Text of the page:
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Review: Quell Memento

Posted by on June 16th, 2013 | 1 Comment | Tags: ,

I don’t tend to get all artsy fartsy when I review video games, but with years of studying French films under my belt, I have the ability to. I am going to partially utilize that pseudo-pretentious ability in reviewing Quell Memento, because I think it’s a game that deserves more praise than simply stating, “it’s a good puzzle game.” Truth be told, it is a good puzzle game. But in dusting off the various placards in the game’s attic setting, I found much more.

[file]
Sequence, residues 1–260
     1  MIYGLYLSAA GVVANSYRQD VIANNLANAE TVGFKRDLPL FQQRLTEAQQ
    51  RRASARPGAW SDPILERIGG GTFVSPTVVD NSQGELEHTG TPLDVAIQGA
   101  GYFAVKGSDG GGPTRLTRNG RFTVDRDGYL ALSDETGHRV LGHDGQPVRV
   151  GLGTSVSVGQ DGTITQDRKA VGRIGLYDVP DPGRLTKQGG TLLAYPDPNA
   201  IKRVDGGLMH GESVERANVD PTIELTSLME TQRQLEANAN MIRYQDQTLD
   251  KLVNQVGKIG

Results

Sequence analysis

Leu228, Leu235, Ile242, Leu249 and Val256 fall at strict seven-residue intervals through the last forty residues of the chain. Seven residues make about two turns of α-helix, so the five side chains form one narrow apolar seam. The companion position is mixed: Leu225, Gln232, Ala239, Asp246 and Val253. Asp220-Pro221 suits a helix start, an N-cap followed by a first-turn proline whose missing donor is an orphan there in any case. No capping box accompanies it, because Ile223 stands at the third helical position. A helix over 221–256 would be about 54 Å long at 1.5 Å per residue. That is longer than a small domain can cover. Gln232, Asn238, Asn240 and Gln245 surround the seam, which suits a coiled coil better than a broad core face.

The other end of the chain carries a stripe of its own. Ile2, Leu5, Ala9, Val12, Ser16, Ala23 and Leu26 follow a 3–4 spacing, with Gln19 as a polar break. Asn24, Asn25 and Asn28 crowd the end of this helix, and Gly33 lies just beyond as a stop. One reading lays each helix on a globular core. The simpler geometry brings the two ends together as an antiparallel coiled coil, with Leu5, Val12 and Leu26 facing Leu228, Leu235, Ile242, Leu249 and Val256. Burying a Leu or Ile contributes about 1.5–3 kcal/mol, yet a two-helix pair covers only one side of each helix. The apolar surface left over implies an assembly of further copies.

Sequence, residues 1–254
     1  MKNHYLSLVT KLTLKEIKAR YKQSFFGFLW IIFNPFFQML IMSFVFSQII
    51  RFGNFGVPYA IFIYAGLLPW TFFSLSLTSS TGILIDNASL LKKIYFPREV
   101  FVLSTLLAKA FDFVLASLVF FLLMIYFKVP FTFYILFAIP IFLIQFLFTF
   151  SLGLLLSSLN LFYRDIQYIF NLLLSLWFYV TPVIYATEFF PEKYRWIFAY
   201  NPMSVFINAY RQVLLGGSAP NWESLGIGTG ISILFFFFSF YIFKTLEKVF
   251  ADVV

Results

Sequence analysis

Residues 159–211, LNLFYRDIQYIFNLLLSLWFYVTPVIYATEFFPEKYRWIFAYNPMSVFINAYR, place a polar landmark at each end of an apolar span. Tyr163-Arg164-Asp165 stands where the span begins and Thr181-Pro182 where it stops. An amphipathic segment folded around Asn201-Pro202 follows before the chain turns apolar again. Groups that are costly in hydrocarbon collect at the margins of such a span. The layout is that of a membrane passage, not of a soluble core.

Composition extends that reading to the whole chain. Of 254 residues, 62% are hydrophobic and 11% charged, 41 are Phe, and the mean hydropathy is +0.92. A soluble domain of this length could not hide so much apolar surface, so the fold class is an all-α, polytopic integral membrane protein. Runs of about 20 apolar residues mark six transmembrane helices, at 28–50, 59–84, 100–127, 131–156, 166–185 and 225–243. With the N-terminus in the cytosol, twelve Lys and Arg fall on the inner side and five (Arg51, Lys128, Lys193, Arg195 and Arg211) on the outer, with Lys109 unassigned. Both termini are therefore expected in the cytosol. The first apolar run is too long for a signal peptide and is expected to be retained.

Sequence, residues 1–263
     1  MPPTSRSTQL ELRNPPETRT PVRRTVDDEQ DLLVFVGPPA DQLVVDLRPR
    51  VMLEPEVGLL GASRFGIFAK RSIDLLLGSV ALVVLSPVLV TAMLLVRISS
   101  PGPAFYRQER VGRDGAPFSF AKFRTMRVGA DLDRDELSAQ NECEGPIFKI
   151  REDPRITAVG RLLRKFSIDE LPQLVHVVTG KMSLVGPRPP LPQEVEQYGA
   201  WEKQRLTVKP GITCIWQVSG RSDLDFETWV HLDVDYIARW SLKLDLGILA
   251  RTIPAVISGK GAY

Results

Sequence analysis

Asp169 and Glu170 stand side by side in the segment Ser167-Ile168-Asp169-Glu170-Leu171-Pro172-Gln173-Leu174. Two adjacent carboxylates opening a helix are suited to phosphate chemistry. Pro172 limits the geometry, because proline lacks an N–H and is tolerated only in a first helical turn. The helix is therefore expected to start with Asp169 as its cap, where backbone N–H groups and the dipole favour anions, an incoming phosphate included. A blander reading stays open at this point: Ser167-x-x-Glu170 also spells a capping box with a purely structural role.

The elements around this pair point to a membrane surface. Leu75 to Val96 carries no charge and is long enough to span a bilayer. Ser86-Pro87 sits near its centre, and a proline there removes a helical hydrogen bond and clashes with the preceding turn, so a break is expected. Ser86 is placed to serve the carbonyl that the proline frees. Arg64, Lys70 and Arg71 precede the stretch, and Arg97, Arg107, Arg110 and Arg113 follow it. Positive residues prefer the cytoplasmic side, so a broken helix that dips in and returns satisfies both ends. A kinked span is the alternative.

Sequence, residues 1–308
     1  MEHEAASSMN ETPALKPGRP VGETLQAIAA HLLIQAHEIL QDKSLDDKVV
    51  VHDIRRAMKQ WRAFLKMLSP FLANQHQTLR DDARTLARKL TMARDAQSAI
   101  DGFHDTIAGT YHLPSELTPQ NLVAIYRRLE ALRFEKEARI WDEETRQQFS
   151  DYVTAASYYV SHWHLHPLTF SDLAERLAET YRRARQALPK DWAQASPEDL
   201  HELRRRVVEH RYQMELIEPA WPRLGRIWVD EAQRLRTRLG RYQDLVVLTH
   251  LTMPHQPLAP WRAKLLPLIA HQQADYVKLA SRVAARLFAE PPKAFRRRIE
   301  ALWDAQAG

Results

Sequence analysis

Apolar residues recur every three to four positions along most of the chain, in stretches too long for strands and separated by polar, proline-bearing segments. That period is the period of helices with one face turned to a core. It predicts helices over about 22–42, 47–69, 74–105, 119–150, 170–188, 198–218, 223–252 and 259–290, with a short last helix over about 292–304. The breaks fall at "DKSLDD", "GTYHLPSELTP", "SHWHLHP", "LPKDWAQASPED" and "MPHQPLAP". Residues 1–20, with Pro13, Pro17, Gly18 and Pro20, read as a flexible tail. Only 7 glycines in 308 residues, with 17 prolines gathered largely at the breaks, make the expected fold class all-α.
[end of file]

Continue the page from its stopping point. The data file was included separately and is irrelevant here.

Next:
Quell Memento starts off with you, the player, being asked to touch the screen to start. A typical touchscreen game command, for sure, but you’re treated by a glass breaking effect that is quickly proceeded by the glass coming back together. My analytical senses started tingling, and I guessed that this was going to be a game about Alzheimer’s, memory, forgetting, remembering, etc. I also thought about the title. If my two semesters of introductory Italian serve me right, the title translates to “What Memory,” “What a memory,” or “What a reminder.” The title can be interpreted as a question: What Memory?, which goes along with the idea of losing one’s thoughts. Initially, I thought the game was titled “Quell Momento,” or “What moment”, which made me think this was a game about completing puzzles and experiencing that ‘A-Ha!’ moment. ‘Memento’ is also close to ‘momentum’, which is an apt description of the raindrop’s movement. I might be digging too deep, here, but my point is the game has a multiply interpretable title. The next command has you dusting off an old picture. By swiping your finger across the Vita’s screen, you uncover an old-timey landscape. An introduction like this is more simply aesthetically pleasing; it sets the tone for the entire game. You’re uncovering memories, and the narrator, an elder fellow, is wavering back and forth about whether he wants to remember any of them at all.